I-ChingWhen I look at How To Change the World, I think the biggest shift is in that early, uneasy balance of power between what Bob called the "mystics" and the "mechanics." The mechanics won, hands down. The last time I saw a copy of the I-Ching on a Greenpeace ship it was my own. Spiritual journeys or magical coincidences — beyond the occasional rainbow's arrival on the scene at precisely the right time — tend to be kept below the decks and under the table rather than being a part of planning meetings. Maximizing wind power, fuel efficiency, overheads, and arriving on time in a port are what determine our ships' courses these days. There's no chasing moonbeams, and there are fewer people about who would align themselves with Bob's belief that "We were part of a reflex, summoned to action by the Earth itself."

    Greenpeace is an organisation dedicated to change, and one which has perennially changed itself to meet changing times. Steve Sawyer, a former Greenpeace leader and mentor to many Greenpeace activists of my generation remembers talk of the "good old days" as far back as the 70s. But to my thinking, there's one thing that hasn't shifted a millimeter from when we started, and that's the story at the core of Greenpeace.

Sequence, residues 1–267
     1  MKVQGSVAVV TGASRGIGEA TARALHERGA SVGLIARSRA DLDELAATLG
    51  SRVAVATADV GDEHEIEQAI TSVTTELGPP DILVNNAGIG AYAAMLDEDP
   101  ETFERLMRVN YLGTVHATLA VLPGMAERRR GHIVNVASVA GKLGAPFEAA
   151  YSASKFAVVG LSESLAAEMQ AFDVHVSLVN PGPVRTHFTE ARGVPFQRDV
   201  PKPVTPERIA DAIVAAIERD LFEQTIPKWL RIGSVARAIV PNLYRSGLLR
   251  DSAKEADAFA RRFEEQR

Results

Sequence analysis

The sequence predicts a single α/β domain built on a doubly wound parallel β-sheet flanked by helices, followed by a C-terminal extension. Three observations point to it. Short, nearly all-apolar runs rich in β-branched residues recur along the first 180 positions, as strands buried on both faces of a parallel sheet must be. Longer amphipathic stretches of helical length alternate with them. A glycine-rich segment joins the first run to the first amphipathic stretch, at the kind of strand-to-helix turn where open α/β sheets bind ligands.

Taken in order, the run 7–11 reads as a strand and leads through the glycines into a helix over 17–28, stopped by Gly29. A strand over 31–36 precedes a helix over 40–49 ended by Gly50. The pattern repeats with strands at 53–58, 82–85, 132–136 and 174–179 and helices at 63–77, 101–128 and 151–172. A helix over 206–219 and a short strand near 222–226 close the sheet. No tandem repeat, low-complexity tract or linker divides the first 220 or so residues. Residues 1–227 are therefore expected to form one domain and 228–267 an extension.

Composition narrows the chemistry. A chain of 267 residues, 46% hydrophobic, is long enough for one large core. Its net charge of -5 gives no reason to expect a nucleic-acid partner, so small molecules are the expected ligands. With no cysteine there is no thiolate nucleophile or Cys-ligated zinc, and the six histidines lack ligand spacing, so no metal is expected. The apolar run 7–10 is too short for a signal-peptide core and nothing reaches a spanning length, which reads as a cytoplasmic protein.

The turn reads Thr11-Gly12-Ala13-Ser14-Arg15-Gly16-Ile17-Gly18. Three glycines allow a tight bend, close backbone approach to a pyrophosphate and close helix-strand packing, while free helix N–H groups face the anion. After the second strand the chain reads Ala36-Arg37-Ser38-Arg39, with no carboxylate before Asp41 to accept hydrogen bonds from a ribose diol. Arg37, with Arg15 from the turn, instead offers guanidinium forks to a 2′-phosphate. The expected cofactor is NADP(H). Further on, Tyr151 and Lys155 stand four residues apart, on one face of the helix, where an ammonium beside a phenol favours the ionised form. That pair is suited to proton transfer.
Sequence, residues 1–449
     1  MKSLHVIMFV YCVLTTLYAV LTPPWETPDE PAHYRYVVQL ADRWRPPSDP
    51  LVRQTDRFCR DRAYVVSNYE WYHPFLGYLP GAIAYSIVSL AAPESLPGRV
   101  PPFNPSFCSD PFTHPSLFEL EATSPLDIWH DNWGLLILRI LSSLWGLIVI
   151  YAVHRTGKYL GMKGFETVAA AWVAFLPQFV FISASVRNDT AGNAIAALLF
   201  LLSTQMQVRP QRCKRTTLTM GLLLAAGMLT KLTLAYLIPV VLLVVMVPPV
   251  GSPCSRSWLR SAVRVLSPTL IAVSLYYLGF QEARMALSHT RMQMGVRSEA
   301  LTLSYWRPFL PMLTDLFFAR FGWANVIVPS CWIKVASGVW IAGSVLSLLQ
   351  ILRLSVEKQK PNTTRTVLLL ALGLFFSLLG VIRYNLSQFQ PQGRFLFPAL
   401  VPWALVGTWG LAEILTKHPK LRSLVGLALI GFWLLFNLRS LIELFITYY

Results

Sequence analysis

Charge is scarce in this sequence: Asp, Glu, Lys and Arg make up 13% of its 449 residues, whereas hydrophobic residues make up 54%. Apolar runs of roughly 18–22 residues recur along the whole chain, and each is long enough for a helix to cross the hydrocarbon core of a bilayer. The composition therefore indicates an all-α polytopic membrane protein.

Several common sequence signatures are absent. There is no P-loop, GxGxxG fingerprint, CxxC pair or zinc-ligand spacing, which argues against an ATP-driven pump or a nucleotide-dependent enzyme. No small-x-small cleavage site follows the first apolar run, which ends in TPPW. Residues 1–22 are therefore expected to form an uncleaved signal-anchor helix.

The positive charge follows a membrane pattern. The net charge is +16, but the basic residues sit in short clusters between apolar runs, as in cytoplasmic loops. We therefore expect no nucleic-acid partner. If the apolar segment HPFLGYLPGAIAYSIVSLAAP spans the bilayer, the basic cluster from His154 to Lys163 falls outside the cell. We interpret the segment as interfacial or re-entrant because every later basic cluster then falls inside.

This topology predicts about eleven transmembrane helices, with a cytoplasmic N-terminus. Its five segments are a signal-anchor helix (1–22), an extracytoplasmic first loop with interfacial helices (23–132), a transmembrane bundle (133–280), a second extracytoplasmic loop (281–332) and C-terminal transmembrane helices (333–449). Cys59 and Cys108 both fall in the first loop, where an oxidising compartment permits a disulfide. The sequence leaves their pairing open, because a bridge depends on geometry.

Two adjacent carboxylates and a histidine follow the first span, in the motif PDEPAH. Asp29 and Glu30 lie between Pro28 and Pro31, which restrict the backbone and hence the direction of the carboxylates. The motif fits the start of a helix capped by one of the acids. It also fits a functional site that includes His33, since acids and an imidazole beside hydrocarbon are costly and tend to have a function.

We may tell it in different voices, in different mediums, and through different actions. Where once we disdained the idea of ever taking our story to the boardrooms of our "enemies" or to any audience that required we wear a tie, we learned to work the levers of those strange machines. We learned the story was strong enough to go anywhere.

    The Greenpeace story is simple. It's this: We believe a better, more sustainable world is possible, and that brave collective and individual action can bring it to life. What we say today is exactly what we said in 1972: we can change the way we feed and fuel our world, we can live in greater harmony with our planet and ourselves. It's that simple.

    If there's a change in the wind thes